If you thought that a supercomputer would be able to start its own simulated universe, we would have laughed at you a few years ago. Today though, we’d be eating our words. Recently, a supercomputer managed to start an infant universe (based on our own) and show how it transforms from a featureless landscape to something far greater.
This was done to see how our universe formed, and follow how this simulated version of our universe, seeing how it evolves over time. Mostly, as a way for us to judge how our universe evolved and where it is going. The animation from the supercomputer managed to show a lot of key, useful things that scientists can study long-term.
The simulation shows how the universe changes from a smooth, cold gas cloud into a lumpy scattering of stars and galaxies. This simulation is the most accurate, complete, and detailed reproduction of the universe’s evolution ever made.
The CoDaIII Project
This is all part of the CoDaIII, the third iteration of the Cosmic Dawn Project. Which is tracing the history of the universe starting from the “cosmic dark ages” about 10 million years after the Big Bang was thought to have taken place.
We know that at this point in our universe, roughly 13.8 billion years ago, a hot gas produced at the time had started to cool. The University of Texas at Austin Astronomer, Paul Shapiro, claims that led to a featureless cloud devoid of any light.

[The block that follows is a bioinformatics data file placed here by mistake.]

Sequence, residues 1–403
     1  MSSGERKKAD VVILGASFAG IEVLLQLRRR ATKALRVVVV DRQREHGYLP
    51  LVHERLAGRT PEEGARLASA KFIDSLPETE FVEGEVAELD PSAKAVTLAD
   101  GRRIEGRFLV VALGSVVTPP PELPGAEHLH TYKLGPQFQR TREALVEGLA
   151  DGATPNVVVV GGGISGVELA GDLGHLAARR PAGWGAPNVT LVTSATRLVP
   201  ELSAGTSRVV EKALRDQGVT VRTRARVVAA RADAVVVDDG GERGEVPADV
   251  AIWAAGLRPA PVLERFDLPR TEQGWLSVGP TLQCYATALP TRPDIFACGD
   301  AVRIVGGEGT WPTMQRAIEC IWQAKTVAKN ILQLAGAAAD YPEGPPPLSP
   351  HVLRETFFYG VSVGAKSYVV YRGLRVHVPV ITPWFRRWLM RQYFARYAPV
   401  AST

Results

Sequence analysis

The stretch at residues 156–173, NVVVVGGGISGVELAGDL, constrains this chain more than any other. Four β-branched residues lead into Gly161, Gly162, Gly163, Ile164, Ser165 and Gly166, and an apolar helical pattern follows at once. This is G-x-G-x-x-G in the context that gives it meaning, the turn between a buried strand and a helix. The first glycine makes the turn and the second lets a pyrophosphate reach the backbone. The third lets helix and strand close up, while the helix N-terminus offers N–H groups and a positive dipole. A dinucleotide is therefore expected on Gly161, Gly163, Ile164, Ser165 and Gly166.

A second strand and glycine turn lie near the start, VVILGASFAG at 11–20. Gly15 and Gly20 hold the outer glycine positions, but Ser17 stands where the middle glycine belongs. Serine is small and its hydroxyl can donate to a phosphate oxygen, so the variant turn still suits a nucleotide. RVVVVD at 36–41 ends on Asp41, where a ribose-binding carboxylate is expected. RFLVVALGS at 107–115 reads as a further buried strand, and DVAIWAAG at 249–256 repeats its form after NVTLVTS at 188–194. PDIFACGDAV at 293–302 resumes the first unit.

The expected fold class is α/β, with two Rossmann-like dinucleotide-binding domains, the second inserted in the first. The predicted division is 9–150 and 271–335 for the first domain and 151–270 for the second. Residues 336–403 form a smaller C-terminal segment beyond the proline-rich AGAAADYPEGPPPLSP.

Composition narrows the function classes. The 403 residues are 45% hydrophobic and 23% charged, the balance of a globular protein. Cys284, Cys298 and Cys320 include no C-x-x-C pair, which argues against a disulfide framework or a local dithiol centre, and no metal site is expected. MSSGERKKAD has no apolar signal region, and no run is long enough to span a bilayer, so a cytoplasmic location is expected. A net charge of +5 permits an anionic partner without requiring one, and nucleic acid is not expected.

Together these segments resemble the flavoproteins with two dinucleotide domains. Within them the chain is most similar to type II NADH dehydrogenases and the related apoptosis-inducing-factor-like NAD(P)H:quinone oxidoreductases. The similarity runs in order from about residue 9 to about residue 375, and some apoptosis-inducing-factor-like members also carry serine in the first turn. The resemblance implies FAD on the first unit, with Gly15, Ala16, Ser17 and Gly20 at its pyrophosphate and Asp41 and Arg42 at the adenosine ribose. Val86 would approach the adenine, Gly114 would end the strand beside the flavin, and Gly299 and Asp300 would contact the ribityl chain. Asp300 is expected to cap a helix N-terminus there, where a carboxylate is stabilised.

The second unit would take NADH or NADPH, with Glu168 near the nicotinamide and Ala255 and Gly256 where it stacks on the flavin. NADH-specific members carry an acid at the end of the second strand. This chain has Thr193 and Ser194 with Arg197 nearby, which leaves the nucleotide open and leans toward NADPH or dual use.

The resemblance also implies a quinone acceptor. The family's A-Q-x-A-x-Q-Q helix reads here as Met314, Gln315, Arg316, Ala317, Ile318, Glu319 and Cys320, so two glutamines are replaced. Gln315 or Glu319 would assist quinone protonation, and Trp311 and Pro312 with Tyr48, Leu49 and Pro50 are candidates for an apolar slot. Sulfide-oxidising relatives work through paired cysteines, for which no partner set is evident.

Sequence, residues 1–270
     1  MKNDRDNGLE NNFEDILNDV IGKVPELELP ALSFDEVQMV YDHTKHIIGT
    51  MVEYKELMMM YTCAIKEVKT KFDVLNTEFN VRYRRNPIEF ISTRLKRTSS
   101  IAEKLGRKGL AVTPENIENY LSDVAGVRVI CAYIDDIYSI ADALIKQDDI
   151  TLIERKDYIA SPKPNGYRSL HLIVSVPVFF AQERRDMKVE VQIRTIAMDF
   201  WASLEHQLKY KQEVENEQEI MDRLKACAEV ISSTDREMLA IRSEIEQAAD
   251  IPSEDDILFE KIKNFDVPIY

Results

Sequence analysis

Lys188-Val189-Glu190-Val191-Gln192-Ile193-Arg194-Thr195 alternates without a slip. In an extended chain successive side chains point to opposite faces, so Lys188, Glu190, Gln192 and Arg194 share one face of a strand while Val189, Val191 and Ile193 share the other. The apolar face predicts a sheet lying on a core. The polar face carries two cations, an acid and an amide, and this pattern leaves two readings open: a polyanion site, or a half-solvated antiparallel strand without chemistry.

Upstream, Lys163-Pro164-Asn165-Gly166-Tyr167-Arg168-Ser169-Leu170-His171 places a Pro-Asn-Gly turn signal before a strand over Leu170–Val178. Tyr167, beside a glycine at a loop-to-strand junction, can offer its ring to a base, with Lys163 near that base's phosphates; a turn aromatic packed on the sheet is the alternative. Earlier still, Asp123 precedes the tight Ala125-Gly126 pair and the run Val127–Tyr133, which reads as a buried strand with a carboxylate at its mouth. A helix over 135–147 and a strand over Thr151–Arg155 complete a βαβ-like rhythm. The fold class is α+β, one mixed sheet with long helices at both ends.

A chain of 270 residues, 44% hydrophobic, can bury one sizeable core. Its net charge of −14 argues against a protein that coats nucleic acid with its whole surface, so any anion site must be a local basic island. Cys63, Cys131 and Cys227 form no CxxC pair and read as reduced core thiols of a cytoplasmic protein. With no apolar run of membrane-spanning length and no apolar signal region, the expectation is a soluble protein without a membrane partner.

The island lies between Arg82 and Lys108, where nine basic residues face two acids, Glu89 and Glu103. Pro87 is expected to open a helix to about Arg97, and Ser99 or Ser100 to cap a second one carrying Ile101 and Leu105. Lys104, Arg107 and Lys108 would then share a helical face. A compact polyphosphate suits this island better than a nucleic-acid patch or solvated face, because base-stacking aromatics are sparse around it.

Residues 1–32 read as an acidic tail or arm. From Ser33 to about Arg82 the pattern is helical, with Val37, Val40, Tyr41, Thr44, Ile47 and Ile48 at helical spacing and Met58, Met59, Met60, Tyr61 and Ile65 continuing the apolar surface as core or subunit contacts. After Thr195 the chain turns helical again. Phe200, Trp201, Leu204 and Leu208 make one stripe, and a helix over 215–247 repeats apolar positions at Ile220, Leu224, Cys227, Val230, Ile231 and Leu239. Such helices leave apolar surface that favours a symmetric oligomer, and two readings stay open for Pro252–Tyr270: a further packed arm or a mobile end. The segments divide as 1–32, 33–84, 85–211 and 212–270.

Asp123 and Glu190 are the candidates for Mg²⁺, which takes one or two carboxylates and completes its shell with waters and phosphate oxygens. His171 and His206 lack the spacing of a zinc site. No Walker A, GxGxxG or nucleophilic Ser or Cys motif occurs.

Around 100 million years later, tiny ripples in this gas left over from the Big Bang, caused other gases to clump together. That led to long, threadlike strands forming a web of matter where our galaxies and stars began to form.
When the radiation from the early galaxies shed light on the universe, it managed to rip electrons from atoms in the once-cold gas clouds. This happened during something known as the Epoch of Reionization. It would continue for about 700 million years.
Shapiro claims that CoDaIII is the very first simulation that fully accounts for the complicated interaction between radiation and the flow of matter in the universe. Since the simulation begins in the cosmic dark ages and follows through the next few billion years, it accounts for the distribution of matter in the modern universe.
The simulation animation shows how the structure of the early universe is, according to Shapiro, “imprinted on the galaxies today, which remember their youth, or their birth, or their ancestors from the epoch of reionization.”
In our view, having something we can look to for universal study is great. It will allow us to understand how things came to be. The evolution of our universe is critical to follow. We can know when, where, and how things will happen potentially in our time by knowing these things.